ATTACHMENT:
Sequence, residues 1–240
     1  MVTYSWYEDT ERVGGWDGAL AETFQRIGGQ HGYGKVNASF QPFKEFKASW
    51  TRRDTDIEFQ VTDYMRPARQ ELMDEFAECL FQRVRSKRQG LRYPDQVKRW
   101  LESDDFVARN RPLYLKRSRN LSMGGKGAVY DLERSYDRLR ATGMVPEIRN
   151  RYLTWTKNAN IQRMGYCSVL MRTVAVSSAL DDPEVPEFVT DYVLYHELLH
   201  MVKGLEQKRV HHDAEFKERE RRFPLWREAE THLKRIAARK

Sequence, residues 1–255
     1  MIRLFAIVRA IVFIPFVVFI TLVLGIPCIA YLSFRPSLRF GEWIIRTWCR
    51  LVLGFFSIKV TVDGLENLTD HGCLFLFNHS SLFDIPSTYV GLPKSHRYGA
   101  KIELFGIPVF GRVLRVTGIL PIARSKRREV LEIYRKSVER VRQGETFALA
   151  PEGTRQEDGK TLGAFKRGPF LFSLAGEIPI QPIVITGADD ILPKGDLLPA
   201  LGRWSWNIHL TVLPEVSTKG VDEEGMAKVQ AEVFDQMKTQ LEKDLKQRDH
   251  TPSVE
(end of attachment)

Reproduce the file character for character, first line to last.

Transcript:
Sequence, residues 1–240
     1  MVTYSWYEDT ERVGGWDGAL AETFQRIGGQ HGYGKVNASF QPFKEFKASW
    51  TRRDTDIEFQ VTDYMRPARQ ELMDEFAECL FQRVRSKRQG LRYPDQVKRW
   101  LESDDFVARN RPLYLKRSRN LSMGGKGAVY DLERSYDRLR ATGMVPEIRN
   151  RYLTWTKNAN IQRMGYCSVL MRTVAVSSAL DDPEVPEFVT DYVLYHELLH
   201  MVKGLEQKRV HHDAEFKERE RRFPLWREAE THLKRIAARK

Sequence, residues 1–255
     1  MIRLFAIVRA IVFIPFVVFI TLVLGIPCIA YLSFRPSLRF GEWIIRTWCR
    51  LVLGFFSIKV TVDGLENLTD HGCLFLFNHS SLFDIPSTYV GLPKSHRYGA
   101  KIELFGIPVF GRVLRVTGIL PIARSKRREV LEIYRKSVER VRQGETFALA
   151  PEGTRQEDGK TLGAFKRGPF LFSLAGEIPI QPIVITGADD ILPKGDLLPA
   201  LGRWSWNIHL TVLPEVSTKG VDEEGMAKVQ AEVFDQMKTQ LEKDLKQRDH
   251  TPSVE